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Book Review: You Need a Budget

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I was given a copy of the new You Need A Budget (YNAB) book in exchange for my honest review. I was excited to receive a copy of the book since I was already on my library’s waitlist for it. Hey, I’m a frugal gal and didn’t want to pay for it!

I’ve written before about why I love the YNAB budget software, but YNAB is both software AND a philosophy. This book is written by YNAB’s founder, Jesse Mechan. The full name of the book is You Need a Budget: The Proven System for Breaking the Paycheck-to-Paycheck Cycle, Getting Out of Debt, and Living the Life You Want. 

It delves deep into the philosophy side of YNAB. About half of the book covers YNAB’s Four Rules. Here they are with my basic summary:

  1. Give every dollar a job – Make a zero-based budget, assigning every dollar to a category or goal.
  2. Embrace your true expenses – Make sinking fund categories for things that are not monthly like 6-month car insurance or irregular expenses like medical bills or home repairs.
  3. Roll with the punches – Change your budget when needed as life happens and priorities shift.
  4. Age your money – Break the paycheck to paycheck cycle by saving up a buffer so you’re not timing paychecks to bills.

The other half of the book discusses budget topics like finding your priorities, working together with a partner, and teaching children about money. Personally, I really enjoyed the second half of the book more because I’m already very familiar with YNAB’s four rules.

Is the YNAB Book Useful for Someone Who Already Uses YNAB?

This was my biggest question before I read the book. I think if you use the YNAB software, but haven’t read much about their philosophy, you’ll get a lot out of the book.

If, on the other hand, you’re a big YNAB fan who follows their blog, podcast, and Youtube videos, you’re going to feel like the majority of the book is things you’ve already heard. It might be worth reading as a good refresher, but it’s going to feel like mostly old news. I personally fall into the “big fan” category. While I’m glad I read the book, I don’t think it would have been worth paying full price for it for myself.

Is the You Need a Budget Book Just an Ad for YNAB Software?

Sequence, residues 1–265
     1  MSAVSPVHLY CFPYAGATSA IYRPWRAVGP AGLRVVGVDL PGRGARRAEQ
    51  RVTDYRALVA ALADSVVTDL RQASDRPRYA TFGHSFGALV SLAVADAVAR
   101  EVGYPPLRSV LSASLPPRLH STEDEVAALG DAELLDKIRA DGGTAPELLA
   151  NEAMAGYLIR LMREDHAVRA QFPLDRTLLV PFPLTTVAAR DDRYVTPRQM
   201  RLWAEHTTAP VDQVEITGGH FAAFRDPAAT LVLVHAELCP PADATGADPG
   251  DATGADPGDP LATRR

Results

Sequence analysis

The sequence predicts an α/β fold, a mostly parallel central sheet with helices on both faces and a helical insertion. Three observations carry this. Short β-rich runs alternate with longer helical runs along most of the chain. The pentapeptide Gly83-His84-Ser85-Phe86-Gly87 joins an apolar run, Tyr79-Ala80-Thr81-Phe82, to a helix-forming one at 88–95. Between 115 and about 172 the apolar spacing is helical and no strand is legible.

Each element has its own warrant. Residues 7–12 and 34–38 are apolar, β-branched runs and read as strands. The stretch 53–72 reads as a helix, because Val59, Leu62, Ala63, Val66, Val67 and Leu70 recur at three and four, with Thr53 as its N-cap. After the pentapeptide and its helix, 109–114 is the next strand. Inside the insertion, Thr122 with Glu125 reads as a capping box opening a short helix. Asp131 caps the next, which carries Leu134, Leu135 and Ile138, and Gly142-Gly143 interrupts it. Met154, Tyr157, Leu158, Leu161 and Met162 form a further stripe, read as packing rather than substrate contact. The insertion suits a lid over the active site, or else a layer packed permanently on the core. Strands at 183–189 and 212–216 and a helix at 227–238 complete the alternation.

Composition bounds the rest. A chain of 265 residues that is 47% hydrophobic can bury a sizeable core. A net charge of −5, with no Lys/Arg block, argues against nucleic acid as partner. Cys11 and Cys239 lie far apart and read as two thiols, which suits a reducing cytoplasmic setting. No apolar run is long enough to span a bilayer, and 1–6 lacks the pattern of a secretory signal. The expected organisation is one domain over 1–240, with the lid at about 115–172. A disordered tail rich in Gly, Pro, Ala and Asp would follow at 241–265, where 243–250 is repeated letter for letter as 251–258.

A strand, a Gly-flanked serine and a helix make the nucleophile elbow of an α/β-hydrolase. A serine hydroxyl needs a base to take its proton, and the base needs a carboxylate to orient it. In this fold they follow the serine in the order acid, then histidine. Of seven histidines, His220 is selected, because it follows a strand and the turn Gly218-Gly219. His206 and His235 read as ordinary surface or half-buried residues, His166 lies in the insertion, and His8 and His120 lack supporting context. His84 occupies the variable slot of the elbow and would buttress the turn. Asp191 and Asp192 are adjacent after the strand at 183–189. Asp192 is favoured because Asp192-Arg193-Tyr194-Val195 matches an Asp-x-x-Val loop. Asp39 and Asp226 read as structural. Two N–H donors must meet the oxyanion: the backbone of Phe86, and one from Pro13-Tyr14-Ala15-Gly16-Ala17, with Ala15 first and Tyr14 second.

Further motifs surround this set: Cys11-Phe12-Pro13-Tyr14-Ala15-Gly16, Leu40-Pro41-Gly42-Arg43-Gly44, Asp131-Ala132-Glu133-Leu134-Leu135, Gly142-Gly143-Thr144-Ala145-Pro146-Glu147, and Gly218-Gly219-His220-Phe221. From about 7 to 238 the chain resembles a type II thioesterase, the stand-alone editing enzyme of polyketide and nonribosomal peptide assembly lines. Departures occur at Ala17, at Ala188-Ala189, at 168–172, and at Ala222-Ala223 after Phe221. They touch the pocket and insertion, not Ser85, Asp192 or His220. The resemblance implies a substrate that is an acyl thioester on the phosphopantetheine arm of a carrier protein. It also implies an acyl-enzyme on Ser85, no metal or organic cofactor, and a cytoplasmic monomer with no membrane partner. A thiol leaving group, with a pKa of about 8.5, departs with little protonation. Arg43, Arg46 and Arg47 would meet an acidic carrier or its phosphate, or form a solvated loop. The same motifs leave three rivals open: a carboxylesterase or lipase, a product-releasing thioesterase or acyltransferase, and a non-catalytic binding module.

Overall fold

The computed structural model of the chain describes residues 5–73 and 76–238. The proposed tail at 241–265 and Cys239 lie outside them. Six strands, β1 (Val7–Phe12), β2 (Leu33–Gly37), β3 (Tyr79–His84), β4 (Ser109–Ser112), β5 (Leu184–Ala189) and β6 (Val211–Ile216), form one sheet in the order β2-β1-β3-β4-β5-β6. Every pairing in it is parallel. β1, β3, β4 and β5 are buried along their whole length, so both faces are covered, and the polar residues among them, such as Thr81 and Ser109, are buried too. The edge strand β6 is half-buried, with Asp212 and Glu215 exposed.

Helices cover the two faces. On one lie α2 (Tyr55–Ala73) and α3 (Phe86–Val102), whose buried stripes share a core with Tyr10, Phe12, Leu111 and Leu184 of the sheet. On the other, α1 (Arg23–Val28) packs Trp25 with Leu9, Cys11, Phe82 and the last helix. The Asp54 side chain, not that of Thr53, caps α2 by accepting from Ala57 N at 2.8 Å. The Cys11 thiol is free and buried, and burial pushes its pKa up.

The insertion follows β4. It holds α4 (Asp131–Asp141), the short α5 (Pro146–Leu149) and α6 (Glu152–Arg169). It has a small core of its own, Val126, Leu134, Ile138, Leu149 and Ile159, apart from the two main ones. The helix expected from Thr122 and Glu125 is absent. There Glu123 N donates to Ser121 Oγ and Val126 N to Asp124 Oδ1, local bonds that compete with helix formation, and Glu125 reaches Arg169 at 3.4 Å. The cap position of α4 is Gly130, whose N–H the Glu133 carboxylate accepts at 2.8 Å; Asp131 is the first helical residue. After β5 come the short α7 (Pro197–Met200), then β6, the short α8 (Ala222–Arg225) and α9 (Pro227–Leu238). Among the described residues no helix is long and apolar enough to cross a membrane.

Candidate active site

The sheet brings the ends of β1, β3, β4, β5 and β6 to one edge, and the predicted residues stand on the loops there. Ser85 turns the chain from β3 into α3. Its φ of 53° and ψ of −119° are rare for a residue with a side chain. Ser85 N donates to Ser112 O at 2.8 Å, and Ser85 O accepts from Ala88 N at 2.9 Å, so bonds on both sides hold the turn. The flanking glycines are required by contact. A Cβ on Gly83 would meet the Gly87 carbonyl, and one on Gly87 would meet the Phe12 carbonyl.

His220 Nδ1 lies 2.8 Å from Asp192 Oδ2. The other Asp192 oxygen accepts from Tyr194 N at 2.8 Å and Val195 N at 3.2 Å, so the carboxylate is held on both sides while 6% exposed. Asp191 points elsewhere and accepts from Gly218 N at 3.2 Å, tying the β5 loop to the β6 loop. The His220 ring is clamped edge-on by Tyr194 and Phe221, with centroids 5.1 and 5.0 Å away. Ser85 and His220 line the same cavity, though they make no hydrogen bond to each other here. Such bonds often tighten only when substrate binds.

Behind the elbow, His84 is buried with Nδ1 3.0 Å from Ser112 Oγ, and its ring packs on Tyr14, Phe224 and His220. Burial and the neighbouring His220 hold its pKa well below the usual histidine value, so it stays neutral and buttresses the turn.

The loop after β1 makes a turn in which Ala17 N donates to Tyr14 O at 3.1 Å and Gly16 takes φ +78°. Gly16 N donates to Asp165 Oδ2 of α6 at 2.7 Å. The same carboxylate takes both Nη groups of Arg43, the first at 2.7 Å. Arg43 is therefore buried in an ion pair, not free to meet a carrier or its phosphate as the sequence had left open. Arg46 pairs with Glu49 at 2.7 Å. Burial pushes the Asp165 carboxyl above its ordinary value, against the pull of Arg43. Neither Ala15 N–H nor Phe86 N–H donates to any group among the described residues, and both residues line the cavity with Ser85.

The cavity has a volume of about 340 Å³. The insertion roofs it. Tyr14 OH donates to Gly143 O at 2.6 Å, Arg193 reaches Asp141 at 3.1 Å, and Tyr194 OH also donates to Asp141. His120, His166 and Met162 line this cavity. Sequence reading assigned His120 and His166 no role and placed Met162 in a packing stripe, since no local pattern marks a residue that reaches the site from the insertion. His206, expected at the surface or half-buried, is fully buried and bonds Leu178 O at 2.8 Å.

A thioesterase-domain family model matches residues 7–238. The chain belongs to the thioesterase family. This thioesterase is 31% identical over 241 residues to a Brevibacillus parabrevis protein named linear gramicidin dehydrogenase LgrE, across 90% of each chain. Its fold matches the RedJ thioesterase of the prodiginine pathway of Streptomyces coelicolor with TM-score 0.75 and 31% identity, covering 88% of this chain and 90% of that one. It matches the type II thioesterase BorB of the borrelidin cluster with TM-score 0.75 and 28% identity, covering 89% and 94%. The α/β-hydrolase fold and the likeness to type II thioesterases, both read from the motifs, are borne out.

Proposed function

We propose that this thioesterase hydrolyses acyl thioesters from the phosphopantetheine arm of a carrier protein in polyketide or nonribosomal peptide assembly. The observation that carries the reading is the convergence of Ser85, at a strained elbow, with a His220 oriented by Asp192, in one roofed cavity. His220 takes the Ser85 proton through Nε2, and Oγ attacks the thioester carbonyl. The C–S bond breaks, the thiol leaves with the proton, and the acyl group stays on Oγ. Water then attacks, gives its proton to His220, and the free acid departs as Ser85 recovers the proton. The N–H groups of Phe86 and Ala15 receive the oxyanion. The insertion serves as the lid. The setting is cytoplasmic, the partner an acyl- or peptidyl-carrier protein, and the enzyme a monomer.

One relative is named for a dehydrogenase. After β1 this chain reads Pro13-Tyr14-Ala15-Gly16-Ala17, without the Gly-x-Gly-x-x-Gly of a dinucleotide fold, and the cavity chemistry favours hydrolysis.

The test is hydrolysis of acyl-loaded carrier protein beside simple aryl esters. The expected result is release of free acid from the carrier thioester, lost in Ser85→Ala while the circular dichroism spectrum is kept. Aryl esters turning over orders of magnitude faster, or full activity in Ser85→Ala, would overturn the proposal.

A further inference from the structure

I also wondered if the book would feel like a big advertisement for YNAB. It definitely does not feel like an ad for the software. Actually, the software is barely mentioned in the book.

Is the YNAB Book Useful for Someone Who Doesn’t Want to Subscribe to YNAB?

Definitely! I think the book is an excellent introduction to the concepts of budgeting and getting a handle on your money. It would be a good read for a young person who is just starting out or someone who is ready to finally get their money under control. It really doesn’t matter which tool you use to implement the ideas. I do believe that the YNAB software is the best tool available, though.

If someone didn’t want to spend the money on the YNAB software, they could certainly use the budget concepts with a paper and pencil (and that’s even encouraged in the book).

Is YNAB Compatible with Dave Ramsey?

A lot of people wonder if YNAB software and philosophy are compatible with Dave Ramsey’s baby steps. The answer is a resounding YES! They are completely compatible because they are different things that work well together. Here’s the difference:

  • Dave Ramsey’s baby steps tell you EXACTLY WHAT TO DO with your money and in what order.
  • YNAB’s philosophy tells you HOW TO MAKE A PLAN AND FOLLOW YOUR PLAN with your money. If you want to make your plan Dave Ramsey’s baby steps – great! If you want to make up your own plan – great! YNAB won’t tell you what your plan should be. That’s totally up to you.

I don’t think Dave Ramsey does a very good job of teaching the day-to-day HOW of following through with the baby steps. YNAB does a great job of filling that gap. I’ve heard a rumor that YNAB was started when Jesse was following Dave Ramsey’s baby steps himself.

Would I Recommend the Book?

Yes! The book would be a great read for:

  • A young person just learning about managing money.
  • Someone who has struggled with money and is ready to finally make a plan.
  • A Dave Ramsey follower who is frustrated with the everyday how-to of following the baby steps.
  • A new user of YNAB who wants to understand the philosophy better.

For longterm fans of YNAB, I think the book will be mostly review but could be a fun refresher. I definitely enjoyed reading it.

If you want to read You Need a Budget, you can buy a copy here (or check it out at your local library!)

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